3 Answers 3


With a multiple input interface, you can record each input to its own track, so you have more flexibility in editing/mixing/mastering.

If you go with a summed output from a mixer that is the only mix you'll be able to work with when it comes down to the mix down/mastering/editing.

Also, in general, overdubs are pretty much only possible when each input has its own track that it's recorded to.

This all only applies to instrument you'll be recording at once. If you intend to record instruments one-at-a-time, then you can get away with a single input interface.

  • Thanks Shawn. In a home-studio -- basically a 12'x10' room, with rather basic type of DIY sound-proofing i.e. carpet, wall-to-wall curtains, which tightly fits 3 instruments i.e. drum (obviously the loudest), an acoustic (or electric guitar with a 15W personal amp), and a keyboard, is it practical to hope for clean individual tracks, that can be overdubbed ? Perhaps the drum sounds would be loud-enough to be inadvertently summed-into the other mic channels, no ?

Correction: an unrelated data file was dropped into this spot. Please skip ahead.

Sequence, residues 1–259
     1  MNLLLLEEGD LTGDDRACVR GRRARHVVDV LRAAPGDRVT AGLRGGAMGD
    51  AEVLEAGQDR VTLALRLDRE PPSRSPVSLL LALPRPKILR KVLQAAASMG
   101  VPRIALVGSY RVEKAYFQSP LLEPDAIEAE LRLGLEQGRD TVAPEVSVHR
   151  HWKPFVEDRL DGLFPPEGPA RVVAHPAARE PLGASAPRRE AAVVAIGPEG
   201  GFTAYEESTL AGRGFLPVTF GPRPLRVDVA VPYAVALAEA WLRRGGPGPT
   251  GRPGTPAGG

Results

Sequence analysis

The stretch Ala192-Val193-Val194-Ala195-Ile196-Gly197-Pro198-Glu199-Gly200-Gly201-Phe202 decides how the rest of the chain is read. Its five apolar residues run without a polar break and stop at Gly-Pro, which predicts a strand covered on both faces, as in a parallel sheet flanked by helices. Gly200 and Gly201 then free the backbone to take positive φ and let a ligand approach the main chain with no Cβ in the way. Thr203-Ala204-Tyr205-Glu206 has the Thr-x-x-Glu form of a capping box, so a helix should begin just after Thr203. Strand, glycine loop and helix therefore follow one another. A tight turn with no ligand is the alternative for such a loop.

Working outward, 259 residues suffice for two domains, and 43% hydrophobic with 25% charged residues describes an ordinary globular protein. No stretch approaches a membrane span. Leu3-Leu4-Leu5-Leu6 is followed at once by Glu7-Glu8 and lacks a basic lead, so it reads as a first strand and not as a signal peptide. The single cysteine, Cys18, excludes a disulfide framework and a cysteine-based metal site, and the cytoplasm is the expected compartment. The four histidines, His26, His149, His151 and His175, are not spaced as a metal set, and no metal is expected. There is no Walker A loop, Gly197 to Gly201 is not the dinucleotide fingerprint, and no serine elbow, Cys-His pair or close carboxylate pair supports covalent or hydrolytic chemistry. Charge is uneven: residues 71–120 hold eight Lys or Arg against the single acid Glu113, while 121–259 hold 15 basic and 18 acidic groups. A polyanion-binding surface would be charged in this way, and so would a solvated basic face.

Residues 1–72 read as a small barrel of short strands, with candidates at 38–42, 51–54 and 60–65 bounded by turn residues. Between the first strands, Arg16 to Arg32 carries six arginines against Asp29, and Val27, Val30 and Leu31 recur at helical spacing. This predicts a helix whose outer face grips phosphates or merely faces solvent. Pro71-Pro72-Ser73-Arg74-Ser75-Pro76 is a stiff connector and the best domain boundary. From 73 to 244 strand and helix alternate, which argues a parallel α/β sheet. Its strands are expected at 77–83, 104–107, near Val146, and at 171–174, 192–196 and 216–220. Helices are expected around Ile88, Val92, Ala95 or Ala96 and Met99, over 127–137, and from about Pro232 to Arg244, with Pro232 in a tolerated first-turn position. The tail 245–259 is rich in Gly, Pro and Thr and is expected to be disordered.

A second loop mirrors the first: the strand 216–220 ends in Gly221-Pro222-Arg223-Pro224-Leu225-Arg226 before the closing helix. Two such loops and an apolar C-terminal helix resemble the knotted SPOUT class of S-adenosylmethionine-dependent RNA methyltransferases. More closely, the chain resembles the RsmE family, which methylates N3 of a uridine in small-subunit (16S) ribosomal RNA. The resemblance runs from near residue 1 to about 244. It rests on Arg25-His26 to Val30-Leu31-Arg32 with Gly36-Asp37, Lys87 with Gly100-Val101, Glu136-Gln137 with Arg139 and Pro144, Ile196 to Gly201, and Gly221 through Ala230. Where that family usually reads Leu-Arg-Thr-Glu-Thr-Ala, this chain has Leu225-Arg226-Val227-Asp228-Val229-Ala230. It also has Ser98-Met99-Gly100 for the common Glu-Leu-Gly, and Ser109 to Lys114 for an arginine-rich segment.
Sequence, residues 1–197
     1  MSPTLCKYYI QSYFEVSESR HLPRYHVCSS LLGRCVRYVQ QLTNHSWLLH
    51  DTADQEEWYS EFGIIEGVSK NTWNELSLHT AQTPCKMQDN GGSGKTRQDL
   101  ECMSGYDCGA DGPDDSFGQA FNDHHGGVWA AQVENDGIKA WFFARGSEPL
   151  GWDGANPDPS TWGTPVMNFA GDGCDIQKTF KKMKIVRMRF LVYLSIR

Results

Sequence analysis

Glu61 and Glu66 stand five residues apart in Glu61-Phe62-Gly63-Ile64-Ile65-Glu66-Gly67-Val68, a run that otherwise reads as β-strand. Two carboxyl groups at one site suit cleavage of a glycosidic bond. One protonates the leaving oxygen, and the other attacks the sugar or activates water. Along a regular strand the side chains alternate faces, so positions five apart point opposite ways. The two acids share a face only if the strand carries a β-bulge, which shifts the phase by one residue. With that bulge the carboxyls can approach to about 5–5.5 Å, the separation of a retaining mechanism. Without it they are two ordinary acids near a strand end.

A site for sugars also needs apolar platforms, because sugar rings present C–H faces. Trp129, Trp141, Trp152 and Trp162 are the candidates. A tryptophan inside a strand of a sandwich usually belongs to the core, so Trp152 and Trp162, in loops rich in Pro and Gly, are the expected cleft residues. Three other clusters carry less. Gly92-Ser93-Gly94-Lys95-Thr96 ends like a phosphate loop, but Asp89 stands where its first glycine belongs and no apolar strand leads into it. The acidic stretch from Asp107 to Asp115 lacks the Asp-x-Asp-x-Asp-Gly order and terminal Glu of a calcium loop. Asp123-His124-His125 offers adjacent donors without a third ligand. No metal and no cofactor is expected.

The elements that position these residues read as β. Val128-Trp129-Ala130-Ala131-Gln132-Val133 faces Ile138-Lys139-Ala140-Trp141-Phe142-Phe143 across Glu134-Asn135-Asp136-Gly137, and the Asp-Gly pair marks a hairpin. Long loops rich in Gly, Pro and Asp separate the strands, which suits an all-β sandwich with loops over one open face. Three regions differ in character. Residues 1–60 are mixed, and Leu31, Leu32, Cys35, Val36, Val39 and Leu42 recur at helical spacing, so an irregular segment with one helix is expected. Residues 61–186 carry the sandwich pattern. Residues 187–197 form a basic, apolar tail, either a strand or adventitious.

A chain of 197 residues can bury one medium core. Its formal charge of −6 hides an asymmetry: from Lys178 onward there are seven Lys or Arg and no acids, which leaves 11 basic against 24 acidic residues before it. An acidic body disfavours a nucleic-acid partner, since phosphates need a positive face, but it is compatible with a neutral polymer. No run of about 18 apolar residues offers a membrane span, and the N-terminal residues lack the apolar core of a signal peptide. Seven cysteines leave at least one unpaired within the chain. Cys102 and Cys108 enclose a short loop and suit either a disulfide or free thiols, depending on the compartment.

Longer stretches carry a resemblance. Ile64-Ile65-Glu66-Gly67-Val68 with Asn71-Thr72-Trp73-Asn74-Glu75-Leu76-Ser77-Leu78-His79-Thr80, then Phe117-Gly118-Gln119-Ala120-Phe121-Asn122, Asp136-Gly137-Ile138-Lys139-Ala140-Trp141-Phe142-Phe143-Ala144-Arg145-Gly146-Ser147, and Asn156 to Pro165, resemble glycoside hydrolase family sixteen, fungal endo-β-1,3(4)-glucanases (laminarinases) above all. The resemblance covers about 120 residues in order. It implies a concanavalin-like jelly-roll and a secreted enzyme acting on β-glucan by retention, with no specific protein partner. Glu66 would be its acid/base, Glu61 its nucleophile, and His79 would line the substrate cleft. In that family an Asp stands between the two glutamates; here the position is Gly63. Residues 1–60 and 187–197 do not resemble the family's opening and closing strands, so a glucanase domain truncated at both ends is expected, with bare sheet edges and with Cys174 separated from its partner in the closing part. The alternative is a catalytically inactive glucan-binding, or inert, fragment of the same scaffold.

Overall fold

– bdutta74
    Commented Jan 17, 2016 at 16:58
  • 1
    Most definitely they will, to a degree. Depending on what mic you have its more apparent than others. Isolation screens can help a bit.
    – user6164
    Commented Jan 17, 2016 at 17:52
  • Thanks. Wasn't aware of these things called isolation screens - will check them out. However from both of the answers, I seem to be arriving at a verdict that for now, a 1-channel interface + analog mixer, might be enough when recording as a band (without overdubbing). Upgrading later, is always possible.
    – bdutta74